Keswick theology, following the practice of the Broadlands Conference and the devaluation of doctrinal truth by Hannah W. Smith, downplays the role of the Word of God in sanctification to exalt testimonials. While Deuteronomy 17:19 indicates that by studying and growing in knowledge of God’s Word, one “may learn to fear the LORD his God,” Keswick is “not interested in . . . adding to the store of Bible knowledge of those who attend.” Maintaining a pattern set by earlier Keswick classics, Barabas’s book, in the course of over two hundred pages, never once cites John 15:3; 17:17; Acts 20:32; Romans 10:17; Ephesians 2:20; 5:26; Colossians 3:16; 1 Timothy 4:6; 1 Peter 2:2; Psalm 119:7; 119:50; 119:93, or any other text that teaches that sanctification takes place through the instrumentality of the Word of God. Such neglect is a serious error. The Bible is the instrumentality the Father has ordained for the revelation of God’s glory through the Son by the Spirit, the view of which transforms and sanctifies the believer (2 Corinthians 3:18; John 17:17, 26). Keswick’s downplaying of the role of the Word of God in sanctification to exalt testimonials, a practice it inherited from the Broadlands Conference and earlier Higher Life perfectionisms, is associated with its exaltation of the testimonial as the key instrumentality for spreading its teachings. In the Keswick system, oral or written testimonies of entering into and maintaining the Higher Life largely displaced the expository preaching of and exegetical study of God’s Word. Legions of books about those who discovered the spiritual secret of Keswick theology, hundreds of testimonies of those who discovered the Keswick system, and swarms of often inaccurate historical accounts of blessings received by individuals, churches, and communities who adopted the Higher Life system abound in Keswick settings. On the other hand, the “Convention is not interested in . . . adding to the store of Bible knowledge” of those who come to their meetings, and “Keswick furnishes us with . . . no carefully prepared, weighty discourses of a theological nature . . . for over seventy five years[.]” Not even one carefully prepared discourse or book expositing Scripture in a scholarly way has ever been written in favor of the Keswick theology, as Keswick authors themselves testify. By downplaying the study of and growth in knowledge of the Word of God and exalting uninspired testimonies instead, Keswick hinders the believer’s sanctification.
D. Martin Lloyd-Jones comments on Keswick’s failure to deal comprehensively and carefully with the scriptural data related to the believer’s growth in holiness:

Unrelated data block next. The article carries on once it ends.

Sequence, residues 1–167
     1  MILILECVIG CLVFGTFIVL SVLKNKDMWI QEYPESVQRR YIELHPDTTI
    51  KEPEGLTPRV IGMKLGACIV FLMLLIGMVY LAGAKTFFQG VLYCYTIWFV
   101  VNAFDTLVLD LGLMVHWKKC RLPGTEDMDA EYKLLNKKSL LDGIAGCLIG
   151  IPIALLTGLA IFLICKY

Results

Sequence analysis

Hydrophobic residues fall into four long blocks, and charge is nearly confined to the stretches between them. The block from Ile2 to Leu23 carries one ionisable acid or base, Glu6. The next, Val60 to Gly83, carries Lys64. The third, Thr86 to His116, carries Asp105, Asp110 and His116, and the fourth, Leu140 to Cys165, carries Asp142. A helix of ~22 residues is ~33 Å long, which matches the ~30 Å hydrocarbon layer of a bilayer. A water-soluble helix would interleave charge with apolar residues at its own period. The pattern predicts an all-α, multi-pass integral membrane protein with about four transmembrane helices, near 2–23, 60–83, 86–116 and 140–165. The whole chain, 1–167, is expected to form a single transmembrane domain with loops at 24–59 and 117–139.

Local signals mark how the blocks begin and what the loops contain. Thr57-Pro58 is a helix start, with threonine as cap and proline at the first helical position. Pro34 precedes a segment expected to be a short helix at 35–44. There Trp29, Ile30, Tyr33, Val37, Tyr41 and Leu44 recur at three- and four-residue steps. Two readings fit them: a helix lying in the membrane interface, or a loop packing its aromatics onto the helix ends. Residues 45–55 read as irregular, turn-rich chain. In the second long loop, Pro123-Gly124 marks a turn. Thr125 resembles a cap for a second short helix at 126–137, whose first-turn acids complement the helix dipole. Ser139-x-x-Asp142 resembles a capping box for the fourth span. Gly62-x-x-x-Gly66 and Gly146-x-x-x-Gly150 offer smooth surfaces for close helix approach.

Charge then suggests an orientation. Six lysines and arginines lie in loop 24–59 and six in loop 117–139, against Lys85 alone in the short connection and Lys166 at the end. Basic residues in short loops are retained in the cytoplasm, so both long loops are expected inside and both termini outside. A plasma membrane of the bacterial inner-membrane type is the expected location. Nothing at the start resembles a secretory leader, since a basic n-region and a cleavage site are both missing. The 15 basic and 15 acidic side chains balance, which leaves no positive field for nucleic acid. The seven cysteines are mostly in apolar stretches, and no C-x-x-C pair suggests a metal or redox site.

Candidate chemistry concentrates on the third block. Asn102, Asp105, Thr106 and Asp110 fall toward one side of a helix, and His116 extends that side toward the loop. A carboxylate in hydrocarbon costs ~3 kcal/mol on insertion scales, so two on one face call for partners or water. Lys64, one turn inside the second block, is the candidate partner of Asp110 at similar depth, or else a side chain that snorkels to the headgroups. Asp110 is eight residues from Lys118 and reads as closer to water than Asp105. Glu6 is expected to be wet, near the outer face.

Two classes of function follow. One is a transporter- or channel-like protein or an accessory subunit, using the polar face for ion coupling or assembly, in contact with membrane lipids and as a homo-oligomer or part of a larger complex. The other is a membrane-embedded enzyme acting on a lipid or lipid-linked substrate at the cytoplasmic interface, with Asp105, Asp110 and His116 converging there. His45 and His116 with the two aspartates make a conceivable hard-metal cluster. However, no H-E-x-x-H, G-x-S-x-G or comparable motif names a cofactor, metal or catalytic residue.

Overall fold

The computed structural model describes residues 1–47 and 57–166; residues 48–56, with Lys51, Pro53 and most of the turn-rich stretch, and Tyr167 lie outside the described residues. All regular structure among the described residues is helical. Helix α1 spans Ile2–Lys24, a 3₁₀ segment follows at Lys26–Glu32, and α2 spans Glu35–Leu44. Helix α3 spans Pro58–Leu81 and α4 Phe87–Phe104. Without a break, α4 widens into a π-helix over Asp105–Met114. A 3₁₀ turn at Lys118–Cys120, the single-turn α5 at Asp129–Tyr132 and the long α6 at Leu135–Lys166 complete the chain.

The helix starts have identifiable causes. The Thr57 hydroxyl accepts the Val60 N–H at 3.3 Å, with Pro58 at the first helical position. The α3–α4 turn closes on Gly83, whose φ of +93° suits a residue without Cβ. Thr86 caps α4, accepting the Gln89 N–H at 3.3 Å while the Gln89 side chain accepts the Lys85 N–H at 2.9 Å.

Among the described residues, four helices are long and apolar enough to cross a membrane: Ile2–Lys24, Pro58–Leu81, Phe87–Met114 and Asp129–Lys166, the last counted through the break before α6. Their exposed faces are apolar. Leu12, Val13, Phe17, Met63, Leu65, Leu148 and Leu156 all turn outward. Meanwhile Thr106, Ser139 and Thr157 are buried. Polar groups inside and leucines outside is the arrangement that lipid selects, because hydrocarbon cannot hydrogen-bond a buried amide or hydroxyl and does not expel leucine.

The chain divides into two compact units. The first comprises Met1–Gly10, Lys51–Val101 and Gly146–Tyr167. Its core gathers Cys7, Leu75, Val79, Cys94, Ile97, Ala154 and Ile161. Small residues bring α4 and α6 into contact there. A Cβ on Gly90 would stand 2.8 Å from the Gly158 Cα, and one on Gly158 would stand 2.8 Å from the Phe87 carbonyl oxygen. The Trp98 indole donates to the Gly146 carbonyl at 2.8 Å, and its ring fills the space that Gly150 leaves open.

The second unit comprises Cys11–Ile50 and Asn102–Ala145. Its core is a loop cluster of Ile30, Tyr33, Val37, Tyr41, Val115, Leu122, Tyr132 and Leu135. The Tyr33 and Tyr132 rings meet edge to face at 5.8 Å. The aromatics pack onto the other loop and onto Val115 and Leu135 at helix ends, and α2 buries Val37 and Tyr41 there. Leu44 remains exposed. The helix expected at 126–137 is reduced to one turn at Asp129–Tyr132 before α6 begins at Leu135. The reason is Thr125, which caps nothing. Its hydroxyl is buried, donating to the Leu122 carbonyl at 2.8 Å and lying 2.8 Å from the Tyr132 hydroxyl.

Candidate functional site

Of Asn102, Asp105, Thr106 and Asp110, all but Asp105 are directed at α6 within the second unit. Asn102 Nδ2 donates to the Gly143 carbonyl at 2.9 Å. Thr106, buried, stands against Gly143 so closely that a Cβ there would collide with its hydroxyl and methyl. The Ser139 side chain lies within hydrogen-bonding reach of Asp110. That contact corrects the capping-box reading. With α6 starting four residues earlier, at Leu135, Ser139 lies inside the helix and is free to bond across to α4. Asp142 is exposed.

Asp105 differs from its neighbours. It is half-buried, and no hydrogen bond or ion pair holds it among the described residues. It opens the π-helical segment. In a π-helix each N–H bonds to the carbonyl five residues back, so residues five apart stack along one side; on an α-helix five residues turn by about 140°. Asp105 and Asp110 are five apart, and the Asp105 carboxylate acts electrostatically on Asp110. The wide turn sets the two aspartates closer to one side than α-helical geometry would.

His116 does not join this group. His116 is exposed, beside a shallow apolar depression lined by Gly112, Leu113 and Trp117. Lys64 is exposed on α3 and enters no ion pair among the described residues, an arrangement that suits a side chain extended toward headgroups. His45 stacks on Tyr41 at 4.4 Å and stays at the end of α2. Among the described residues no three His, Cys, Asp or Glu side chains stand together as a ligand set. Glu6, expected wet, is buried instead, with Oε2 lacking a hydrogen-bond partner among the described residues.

Instead of expounding the great New Testament texts, [Keswick promulgators] so often started with their theory and illustrated it by means of Old Testament characters and stories. You will find that so often their texts were Old Testament texts. Indeed their method of teaching was based on the use of illustrations rather than on exposition of Scripture. An inevitable result was that they virtually ignored everything that had been taught on the subject of sanctification during the previous eighteen centuries. . . . Many of them boasted of this.
Indeed, even those who were passionately committed to the Higher Life theology, to the extent that they were willing to favor it in print in its official literature, admitted that sound Biblical interpretation was grievously lacking. Robert W. Dale testified:
I agree with every word . . . about the singularly uncritical manner in which those who are associated with this doctrine quote passages from both from the Old Testament and the New. . . . But then let us remember that the gentlemen who represent this particular movement are frankly and constantly acknowledging that they have no claims to the kind of scholarship that is necessary to treat theological questions scientifically. . . . I . . . [am] not hostile to this movement, [but] favorable to it.
Similarly, another minister and friend of the Higher Life testified:
If there has been anything to which exception might be taken it has been the fanciful and even absurd interpretation occasionally given to passages of Scripture, particularly those of the Old Testament. But where the end is so great . . . one is little disposed to find fault[.]
Such admissions were regularly made by those who were contending, in print, for the Higher Life and Keswick theology. What, then, will those without partisan pre-commitments to Keswick conclude?
The gross abuse, exegetical fallacies, and silly allegorization of Scripture by advocates of the Higher Life contributed to the Keswick consensus that discussion of doctrine and careful exegesis of Scripture were not the way to spread the Blessing; by such means the Keswick theology was so far from being able to be propagated that it was certain to collapse. Examples of faulty Keswick exegesis are legion. For instance, consider the severe equivocation on the phrase “God’s people” in the following argument by Barabas:
Christians are too apt to think that only the unsaved are sinners. . . . This certainly is not Biblical. The truth is that God’s Word has a great deal more to say about the sin of God’s people than it does about the sin of those who do not know Him. It was the sin of God’s people that delayed the entrance of Israel into Canaan for forty years. It was the sin of God’s people that was responsible for the Assyrian and Babylonian captivities. It was the sin of God’s people that caused the crucifixion of the Messiah. It was the sin of God’s people, more than the unbelief of the heathen, that caused Paul heartache and sorrow. And it is the sin of God’s people, more than anything else, that is hindering the manifestation of His saving power in the world today. . . Keswick is right in putting great stress on the fact that there must be a revival among Christians of a sense of sin in themselves.